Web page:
di , 26/05/2023

The COVID-19 pandemic has undoubtedly posed significant challenges to global healthcare systems. However, it has also spurred unprecedented scientific research and technological advancements, enabling a better understanding of the novel coronavirus, SARS-CoV-2. One crucial aspect of this understanding has been the study of self-reported symptoms, which has not only aided in monitoring the long-term effects of COVID-19 outside of hospital settings but also facilitated personalized patient care. In a groundbreaking study summarized in The Lancet Digital Health, researchers sought to delve into the diverse profiles of post-COVID-19 condition, considering viral variants and vaccination status as key factors.

The Evolving Symptoms and Variants

Since the first reported cases in December 2019, SARS-CoV-2 has infected millions of people worldwide, causing varying symptoms and outcomes. The symptoms of COVID-19 have evolved as new viral variants emerged, leading to changes in the clinical presentation and severity. Survivors of COVID-19 often report persistent symptoms that continue to affect their quality of life even after the acute illness phase. Notably, the prevalence and nature of these long-term symptoms have been found to differ across SARS-CoV-2 variants.

Study Design and Methodology

The prospective longitudinal cohort study analyzed data from UK-based adults, aged 18-100 years, who regularly reported their health status through the Covid Symptom Study smartphone app. The study included participants who tested positive for SARS-CoV-2 after being physically normal for at least 30 days. The researchers focused on individuals who developed symptoms lasting longer than 28 days from the initial positive test, defining this as long COVID. Additionally, they examined post-COVID-19 condition, which involved symptoms persisting for at least 84 days after the initial positive test. By employing unsupervised clustering analysis of time-series data, the researchers aimed to identify distinct symptom profiles for vaccinated and unvaccinated individuals across various SARS-CoV-2 variants.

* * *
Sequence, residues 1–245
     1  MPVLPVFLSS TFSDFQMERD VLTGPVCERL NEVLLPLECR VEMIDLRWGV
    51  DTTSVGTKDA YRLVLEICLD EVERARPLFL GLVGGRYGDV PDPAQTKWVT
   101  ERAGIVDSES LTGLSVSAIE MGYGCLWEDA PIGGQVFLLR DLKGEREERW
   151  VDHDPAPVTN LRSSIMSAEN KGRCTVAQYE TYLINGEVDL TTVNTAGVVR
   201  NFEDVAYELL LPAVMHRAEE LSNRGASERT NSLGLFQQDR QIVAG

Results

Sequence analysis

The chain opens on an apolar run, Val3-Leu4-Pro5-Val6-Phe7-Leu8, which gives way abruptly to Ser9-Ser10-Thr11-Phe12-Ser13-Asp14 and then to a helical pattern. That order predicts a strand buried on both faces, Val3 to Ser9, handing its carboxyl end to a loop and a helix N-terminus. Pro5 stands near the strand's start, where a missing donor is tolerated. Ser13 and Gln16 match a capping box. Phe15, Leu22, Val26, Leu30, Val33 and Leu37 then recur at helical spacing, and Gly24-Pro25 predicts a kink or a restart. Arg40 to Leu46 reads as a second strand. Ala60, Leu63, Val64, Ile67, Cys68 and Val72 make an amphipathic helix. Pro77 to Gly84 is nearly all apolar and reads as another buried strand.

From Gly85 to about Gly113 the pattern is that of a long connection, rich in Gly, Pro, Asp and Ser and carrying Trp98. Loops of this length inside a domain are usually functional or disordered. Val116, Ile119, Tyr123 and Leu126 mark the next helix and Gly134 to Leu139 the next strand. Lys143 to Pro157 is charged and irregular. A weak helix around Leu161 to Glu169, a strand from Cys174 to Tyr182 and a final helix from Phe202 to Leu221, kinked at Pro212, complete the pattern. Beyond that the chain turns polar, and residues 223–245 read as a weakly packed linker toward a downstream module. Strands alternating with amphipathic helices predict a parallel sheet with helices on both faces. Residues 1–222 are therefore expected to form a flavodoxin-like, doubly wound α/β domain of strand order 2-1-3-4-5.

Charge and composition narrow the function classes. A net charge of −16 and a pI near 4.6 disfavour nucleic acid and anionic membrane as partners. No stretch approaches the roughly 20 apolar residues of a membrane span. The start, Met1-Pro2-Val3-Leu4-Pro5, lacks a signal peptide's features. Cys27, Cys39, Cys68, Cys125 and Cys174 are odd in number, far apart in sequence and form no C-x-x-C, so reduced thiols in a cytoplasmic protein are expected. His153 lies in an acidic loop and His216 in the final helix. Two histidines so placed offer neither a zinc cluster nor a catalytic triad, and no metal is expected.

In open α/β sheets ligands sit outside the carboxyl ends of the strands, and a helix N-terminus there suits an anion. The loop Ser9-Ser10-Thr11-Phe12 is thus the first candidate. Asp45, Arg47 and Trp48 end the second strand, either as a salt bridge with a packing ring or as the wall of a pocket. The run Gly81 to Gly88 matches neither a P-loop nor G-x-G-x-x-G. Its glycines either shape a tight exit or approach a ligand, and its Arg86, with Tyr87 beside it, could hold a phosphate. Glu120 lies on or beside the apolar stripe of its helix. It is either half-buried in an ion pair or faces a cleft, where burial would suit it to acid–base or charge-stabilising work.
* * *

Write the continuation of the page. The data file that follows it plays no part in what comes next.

Findings and Implications

The study included a total of 9,804 individuals with long COVID, of whom 15% developed a post-COVID-19 condition. The researchers identified different symptom profiles within and across variants. The wild-type variant (in unvaccinated people) showed four distinct endotypes. Alpha variant (in unvaccinated people) showed seven endotypes, while the vaccinated delta variant group exhibited five endotypes. Across all variants, researchers identified three main clusters of symptoms: cardiorespiratory, central neurological, and multi-organ systemic inflammatory. Gastrointestinal symptoms showed a less diverse clustering pattern across viral variants.

The findings shed light on the heterogeneous nature of post-COVID-19 condition, characterized by varying combinations of symptoms, durations, and functional outcomes.

This classification holds immense potential in enhancing our understanding of the different mechanisms underlying post-COVID-19 conditions, as well as identifying subgroups of individuals at risk of prolonged debilitation. Such insights are invaluable for tailoring personalized care and developing targeted interventions for affected individuals.


The rapid evolution and spread of SARS-CoV-2 have necessitated extensive research to comprehend its impact on human health. This study’s innovative approach, analyzing self-reported symptoms and leveraging clustering analysis, has contributed significantly to unraveling the diverse profiles of post-COVID-19 condition based on viral variants and vaccination status. By understanding the distinct characteristics of this condition, healthcare professionals can provide tailored care to individuals experiencing prolonged symptoms, thereby enhancing their well-being and recovery.

Funding for this study was provided by various organizations, including the UK Government Department of Health and Social Care, Wellcome Trust, and National Institute for Health Research, among others.